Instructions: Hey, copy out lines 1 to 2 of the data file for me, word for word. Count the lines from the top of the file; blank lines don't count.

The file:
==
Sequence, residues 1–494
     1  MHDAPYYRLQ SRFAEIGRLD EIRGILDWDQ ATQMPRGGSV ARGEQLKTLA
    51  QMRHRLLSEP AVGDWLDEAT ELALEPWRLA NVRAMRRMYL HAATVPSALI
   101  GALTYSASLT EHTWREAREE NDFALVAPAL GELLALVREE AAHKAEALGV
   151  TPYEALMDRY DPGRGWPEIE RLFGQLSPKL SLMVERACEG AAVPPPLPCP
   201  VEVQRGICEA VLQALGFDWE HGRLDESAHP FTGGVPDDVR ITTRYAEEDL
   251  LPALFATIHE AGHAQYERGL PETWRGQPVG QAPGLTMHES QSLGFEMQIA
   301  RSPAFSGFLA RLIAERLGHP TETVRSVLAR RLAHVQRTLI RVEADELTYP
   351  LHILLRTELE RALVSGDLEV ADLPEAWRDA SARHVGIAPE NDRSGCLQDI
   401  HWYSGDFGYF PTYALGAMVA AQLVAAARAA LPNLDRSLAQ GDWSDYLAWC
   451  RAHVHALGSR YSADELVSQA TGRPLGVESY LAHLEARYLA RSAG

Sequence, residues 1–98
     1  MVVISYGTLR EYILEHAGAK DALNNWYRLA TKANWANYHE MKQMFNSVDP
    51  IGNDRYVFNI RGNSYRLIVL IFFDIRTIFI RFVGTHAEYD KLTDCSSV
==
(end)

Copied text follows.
Sequence, residues 1–494
     1  MHDAPYYRLQ SRFAEIGRLD EIRGILDWDQ ATQMPRGGSV ARGEQLKTLA